There are plenty of films that depict captivity as a tool of destruction. Whether it’s a tale revolving around a POW camp (Rescue Dawn comes to mind) or merely Jack Nicolson losing his shit at a snowbound hotel in The Shining, isolation lures a human being down a path of desolation. We undeniably understand the perils of a human confined against their will, but, for one reason or another, we fail at seeing how captivity drastically affects an animal. Through zoos and amusement parks, we pay money to watch animals interact in a simulated environment, albeit one predicated on their natural habitat, but at times I wonder if this interference isn’t detrimental to the animal. Blackfish, a frightening documentary, makes the case that captivity, at least in regards to killer whales, is not only harmful to the animal, but everyone else involved. The central character to Blackfish’s argument is a killer whale named Tilikum, a monstrous beast living at SeaWorld. Tilikum, an animal that has claimed two lives prior to arriving at SeaWorld, is living the dream at an amusement park which offers a unique experience: aquatic animals performing stunts with humans. It’s all adorable up until Tilikum kills a trainer, spawning a cover-up by SeaWorld brass and igniting a national conversation about animals used as entertainment tools.
Director Gabriela Cowperthwaite aggressively delivers her position by exposing Tilikum’s past through interviews with his previous trainers. All of Tilikum’s previous companions assert the monstrous whale is a magnificent creature soured by horrible living conditions. Small quarters and abuse from other whales, factors not found within a killer whale’s habitat, likely laid the foundation for Tilikum’s kills. Supplementing Tilikum’s life story are more tales of destruction by other killer whales at parks like SeaWorld. Through explicit, disheartening videos, we see other killer whales behaving in ways that contradict the triumphant, heartwarming shows SeaWorld puts on. Suddenly, we see Tilikum, a creature SeaWorld has no problem painting as a gentle, majestic animal that was merely riled up by a careless trainer, as a complicated being saddled with baggage designed by human indecency. Cowperthwaite’s narrative is compelling and easy to support, especially when we realize Sea World knows how devastatingly unpredictable their marine performers are. Yet, the most powerful aspect of Blackfish is how it portrays the perceived murderer in Tilikum. Here is an animal, ripped from his natural order, gravely reacting to the restraints placed upon him. Tilikum isn’t a murderer anymore than he is a victim to our own indulgences; a victim born out of our need for control.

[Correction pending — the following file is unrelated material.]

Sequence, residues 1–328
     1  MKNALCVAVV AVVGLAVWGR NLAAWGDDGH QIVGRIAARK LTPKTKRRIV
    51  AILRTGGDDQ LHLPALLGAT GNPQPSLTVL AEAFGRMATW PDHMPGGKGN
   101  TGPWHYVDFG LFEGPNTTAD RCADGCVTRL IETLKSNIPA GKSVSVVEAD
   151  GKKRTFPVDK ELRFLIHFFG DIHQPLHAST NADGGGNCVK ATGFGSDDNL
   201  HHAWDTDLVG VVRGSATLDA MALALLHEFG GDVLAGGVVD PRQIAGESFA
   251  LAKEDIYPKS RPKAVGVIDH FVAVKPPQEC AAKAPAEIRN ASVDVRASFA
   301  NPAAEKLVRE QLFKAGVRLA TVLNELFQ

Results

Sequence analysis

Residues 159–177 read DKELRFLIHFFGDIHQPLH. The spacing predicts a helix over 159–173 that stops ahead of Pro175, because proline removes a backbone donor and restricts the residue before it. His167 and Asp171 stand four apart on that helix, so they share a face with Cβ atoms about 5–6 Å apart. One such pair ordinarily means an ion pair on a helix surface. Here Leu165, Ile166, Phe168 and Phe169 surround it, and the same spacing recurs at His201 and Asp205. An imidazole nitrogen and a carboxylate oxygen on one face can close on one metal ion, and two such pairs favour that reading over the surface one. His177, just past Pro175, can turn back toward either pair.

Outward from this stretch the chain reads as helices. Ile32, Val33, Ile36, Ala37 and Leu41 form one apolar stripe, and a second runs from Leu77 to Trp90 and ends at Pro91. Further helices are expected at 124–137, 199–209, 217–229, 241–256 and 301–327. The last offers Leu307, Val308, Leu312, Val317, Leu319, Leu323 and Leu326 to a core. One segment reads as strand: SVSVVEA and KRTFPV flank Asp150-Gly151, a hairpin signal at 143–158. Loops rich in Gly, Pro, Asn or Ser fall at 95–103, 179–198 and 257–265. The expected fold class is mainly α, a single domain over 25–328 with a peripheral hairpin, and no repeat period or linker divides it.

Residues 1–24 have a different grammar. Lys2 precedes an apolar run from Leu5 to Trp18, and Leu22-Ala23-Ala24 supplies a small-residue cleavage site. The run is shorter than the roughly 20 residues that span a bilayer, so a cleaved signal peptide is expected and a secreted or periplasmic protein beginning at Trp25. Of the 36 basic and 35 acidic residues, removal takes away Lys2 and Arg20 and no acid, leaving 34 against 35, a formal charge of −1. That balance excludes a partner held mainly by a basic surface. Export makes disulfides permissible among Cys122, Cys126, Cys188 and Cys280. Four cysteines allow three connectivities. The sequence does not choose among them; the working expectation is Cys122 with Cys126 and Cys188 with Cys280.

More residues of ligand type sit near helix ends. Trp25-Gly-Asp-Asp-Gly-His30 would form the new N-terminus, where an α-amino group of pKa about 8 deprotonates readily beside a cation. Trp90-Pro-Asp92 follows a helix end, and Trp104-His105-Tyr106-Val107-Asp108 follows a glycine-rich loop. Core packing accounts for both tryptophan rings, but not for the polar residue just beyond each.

Where do we go once Death steals our last breath? If you’re a cop, you’re sent to the Rest in Peace Department, a police department dedicated to capturing asshole ghosts on Earth. The RIPD is essentially purgatory, acting as a redemptive tool for questionable cops who want to get into heaven. Detective Nick Walker (Ryan Reynolds) learns about this ethereal destination after he is killed in action by his traitorous partner Bobby (Kevin Bacon). Once he’s transported up to the police station in the sky, Nick teams up with veteran ghost hunter Roy (Jeff Bridges), a prickly US marshal circa the 1800s with an affinity for cowboy hats. What an odd couple! Roy and Nick head back to Earth to hunt monstrous dead folks that haven’t crossed over, as Nick comes to terms with his unexpected death. They do this all while cloaked in the skin of a hot blonde and old Asian man. Naturally, Roy is the hot blonde. In the process of hunting down poorly designed judgment dodgers, Nick and Roy stumble upon a nefarious plot revolving around pieces of gold and a portal returning the dead back to Earth. So, basically it’s Men in Black with ghosts, except boring and uninspired.
Being that the film deals with the afterlife and ghastly incarnations, one would expect it to be moderately imaginative in its proceedings. It isn’t, and in just about every department, it feels like a lesser riff on Men in Black. From the mismatched partners to similar character designs and action sequences, RIPD simply has nothing going for it besides Jeff Bridges trying to resuscitate every scene he finds himself in. Watching Bridges wallow in this monstrosity is beyond depressing, but he does provide a few laughs when he’s alongside Mary- Louise Parker. Outside of Bridges, there is truly nothing driving us from beginning to end, except for seeing how bad the film can get. If there is one thing I can appreciate about it, it’s that it gets to the action right away, but this also hinders the film’s foolish attempts at earning a sentimental ending. Not helping is the film’s horrendous special effects that make 1990 film relics look more realistic. Honestly, I think it’s only fitting that a film about dead people is this decrepit and lifeless. From the tired, nonsensical plotting to Ryan Reynolds delivering a muted performance, everything about RIPD is derivative, pointless and dead on arrival.